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# Is ${\left( {10} \right)^{1000}} - 1$ divisible by both $9$ and $11$ ?

Last updated date: 02nd Aug 2024
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Hint: In this type of question we will try to observe its pattern which it follows. Now if we talk about ${\left( {10} \right)^n}$then we know that ${10^1} = 10,{10^2} = 100,{10^3} = 1000$. We observe that the number which is in power that no. of zeroes are written after digit 1. So, in that way we can write ${\left( {10} \right)^n} = 1000...................n{\text{ }}terms$. Now, in the same way we can write ${\left( {10} \right)^{1000}}$ that is after digit 1, $1000$ zero must be written. Then we have to subtract 1 from it. So
$\begin{array}{c} {\left( {10} \right)^{1000}} = {10^1} \times {10^2} \times {10^3}...............................{\text{ }}upto{\left( {10} \right)^{1000}}\\ = 10000.......................................000 = 1001{\text{ }}digits \end{array}$
Now, subtract it by 1 we will get $999999.......upto{\text{ }}1000{\text{ }}digits$
Then we can check the divisibility of $9{\text{ }}and{\text{ }}11$ and can reach upto our answer.

Step by step Solution:
So, applying above concept we will get
$\begin{array}{c} {\left( {10} \right)^{1000}} = {10^1} \times {10^2} \times {10^3}...............................{\text{ }}upto{\left( {10} \right)^{1000}}\\ = 10000.......................................000 = 1001{\text{ }}digits \end{array}$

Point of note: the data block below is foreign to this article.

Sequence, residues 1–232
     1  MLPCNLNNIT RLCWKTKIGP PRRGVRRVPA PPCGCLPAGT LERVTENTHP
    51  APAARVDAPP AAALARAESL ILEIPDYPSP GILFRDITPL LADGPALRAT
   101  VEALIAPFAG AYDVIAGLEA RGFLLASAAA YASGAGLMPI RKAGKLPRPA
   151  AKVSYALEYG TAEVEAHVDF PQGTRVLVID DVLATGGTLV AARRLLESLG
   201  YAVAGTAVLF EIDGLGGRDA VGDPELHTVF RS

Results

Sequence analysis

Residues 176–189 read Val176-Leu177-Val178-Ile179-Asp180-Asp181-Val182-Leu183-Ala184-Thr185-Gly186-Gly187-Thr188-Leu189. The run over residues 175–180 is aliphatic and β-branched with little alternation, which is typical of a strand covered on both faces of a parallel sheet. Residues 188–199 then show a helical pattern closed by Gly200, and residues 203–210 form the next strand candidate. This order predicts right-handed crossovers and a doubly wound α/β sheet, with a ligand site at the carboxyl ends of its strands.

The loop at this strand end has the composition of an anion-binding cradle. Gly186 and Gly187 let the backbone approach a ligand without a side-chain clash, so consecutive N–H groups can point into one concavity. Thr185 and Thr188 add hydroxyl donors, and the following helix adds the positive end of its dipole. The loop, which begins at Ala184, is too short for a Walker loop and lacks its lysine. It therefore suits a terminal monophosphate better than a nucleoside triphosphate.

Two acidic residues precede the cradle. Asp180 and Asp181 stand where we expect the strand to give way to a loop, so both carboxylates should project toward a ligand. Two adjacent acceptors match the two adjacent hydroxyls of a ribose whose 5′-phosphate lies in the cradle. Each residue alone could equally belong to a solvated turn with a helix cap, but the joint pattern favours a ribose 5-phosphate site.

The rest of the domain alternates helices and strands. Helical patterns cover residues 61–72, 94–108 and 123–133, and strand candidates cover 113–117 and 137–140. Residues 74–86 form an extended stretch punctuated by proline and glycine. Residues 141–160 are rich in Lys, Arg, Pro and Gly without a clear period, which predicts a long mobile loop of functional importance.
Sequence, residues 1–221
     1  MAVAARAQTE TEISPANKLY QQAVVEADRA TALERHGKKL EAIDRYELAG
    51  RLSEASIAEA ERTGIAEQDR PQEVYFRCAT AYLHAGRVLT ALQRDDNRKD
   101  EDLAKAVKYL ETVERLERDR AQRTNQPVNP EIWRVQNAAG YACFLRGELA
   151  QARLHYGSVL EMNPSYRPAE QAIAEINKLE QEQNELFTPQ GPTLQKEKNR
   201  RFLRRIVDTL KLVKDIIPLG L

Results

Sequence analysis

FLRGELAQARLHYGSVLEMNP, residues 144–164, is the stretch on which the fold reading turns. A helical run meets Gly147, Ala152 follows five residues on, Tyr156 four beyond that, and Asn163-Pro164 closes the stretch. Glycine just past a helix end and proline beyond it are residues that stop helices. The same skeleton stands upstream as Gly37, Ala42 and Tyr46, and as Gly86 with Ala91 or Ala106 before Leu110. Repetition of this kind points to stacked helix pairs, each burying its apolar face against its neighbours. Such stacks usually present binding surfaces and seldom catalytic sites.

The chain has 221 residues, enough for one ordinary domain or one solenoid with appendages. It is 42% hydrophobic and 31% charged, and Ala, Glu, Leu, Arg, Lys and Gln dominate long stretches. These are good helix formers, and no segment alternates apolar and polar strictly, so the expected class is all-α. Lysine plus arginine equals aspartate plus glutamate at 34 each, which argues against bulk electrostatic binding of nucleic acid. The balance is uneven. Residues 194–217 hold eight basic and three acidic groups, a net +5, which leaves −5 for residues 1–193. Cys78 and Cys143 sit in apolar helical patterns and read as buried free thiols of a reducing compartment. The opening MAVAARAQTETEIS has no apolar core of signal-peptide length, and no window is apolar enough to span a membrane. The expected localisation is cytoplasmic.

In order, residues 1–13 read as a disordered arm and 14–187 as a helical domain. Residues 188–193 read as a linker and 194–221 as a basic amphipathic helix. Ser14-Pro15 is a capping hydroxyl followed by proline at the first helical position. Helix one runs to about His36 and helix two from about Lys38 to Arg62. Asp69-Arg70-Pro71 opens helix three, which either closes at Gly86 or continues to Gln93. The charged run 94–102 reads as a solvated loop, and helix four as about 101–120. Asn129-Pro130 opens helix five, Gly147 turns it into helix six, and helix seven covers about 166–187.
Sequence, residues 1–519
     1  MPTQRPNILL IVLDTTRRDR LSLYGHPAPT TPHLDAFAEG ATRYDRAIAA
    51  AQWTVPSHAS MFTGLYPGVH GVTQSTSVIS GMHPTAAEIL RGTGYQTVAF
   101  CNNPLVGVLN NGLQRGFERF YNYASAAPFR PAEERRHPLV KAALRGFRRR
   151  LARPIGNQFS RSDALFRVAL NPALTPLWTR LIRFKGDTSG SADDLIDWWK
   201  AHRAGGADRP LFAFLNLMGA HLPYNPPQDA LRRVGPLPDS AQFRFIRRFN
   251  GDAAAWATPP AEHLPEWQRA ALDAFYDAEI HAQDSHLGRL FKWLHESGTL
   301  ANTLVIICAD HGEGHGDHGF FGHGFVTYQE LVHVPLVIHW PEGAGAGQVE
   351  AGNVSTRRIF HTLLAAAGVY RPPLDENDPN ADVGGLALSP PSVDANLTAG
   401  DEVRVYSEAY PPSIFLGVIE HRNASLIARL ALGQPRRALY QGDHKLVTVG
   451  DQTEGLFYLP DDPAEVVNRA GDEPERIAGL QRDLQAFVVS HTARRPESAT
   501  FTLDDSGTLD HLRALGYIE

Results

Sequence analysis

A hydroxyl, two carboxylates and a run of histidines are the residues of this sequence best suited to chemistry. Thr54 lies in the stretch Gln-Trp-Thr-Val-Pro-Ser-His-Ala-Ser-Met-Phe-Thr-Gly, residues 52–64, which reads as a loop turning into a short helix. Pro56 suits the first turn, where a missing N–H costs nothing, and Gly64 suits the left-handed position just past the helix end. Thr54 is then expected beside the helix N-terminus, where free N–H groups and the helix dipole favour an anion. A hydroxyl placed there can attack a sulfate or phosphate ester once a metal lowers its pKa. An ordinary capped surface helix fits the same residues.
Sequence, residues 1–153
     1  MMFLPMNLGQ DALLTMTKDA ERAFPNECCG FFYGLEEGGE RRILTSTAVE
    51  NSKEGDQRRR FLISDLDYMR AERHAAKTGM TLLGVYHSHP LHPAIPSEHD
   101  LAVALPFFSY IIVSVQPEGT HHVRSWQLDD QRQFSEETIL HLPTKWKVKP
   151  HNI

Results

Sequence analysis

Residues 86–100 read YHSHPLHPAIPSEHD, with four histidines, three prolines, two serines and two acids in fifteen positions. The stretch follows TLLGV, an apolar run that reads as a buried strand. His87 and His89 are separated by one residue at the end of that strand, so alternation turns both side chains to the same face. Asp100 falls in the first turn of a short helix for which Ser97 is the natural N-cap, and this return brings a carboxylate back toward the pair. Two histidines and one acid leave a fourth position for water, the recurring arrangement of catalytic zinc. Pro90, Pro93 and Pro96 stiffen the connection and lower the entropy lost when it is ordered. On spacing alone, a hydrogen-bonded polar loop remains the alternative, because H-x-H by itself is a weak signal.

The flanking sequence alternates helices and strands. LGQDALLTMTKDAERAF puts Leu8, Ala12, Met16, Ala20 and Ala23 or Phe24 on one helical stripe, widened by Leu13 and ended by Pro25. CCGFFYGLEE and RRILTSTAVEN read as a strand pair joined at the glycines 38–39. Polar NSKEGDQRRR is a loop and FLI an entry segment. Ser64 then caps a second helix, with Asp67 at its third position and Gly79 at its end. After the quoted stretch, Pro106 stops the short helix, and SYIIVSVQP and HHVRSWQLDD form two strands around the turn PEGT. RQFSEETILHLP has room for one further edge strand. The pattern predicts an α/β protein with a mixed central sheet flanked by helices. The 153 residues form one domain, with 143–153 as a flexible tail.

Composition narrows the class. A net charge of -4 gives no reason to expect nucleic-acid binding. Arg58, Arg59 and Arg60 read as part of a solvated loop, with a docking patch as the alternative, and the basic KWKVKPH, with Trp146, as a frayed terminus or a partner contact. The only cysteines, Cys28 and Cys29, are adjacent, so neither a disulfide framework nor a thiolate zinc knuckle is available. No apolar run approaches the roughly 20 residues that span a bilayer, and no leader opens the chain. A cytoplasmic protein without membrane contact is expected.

Now, subtract it by 1 we will get $1000$digits that is
(i)For divisibility of 9
We can see that each digit is fully divisible by 9 without leaving remainder. So, if we write it as
$\dfrac{{999.........99}}{9} = 111......111 = 1000{\text{ }}digit$, here each digit will get divided.
So we can say that ${\left( {10} \right)^{1000}} - 1$ is divisible by $9$
(ii)Divisibility by 11
As we have seen above ${\left( {10} \right)^{1000}} - 1 = 9999..............99 = 1000{\text{ }}digits$. We can see that 11 divides the first two digits that is 99 fully without leaving any remainder.
So, we can also write $99999.........99 = as{\text{ }}500{\text{ }}pairs{\text{ }}of{\text{ }}99{\text{ }}to{\text{ }}get$
Now, dividing it by 11, we get
$\dfrac{{999........999}}{{11}} = 909090........09$
0 comes in between because, after dividing the first two digits we need to add zero to get the next two digits for division at the same time.

So, from above calculations we can write ${\left( {10} \right)^{1000}} - 1{\text{ }}is{\text{ }}divisible{\text{ }}by{\text{ }}both{\text{ }}9{\text{ }}and{\text{ }}11$.

Note:
One more method to check divisibility by 9 is that the total sum of the digits of the number must be a multiple of 9 or we can say that it must be fully divisible by 9 without leaving remainder.while expanding any power we must write all digits very carefully.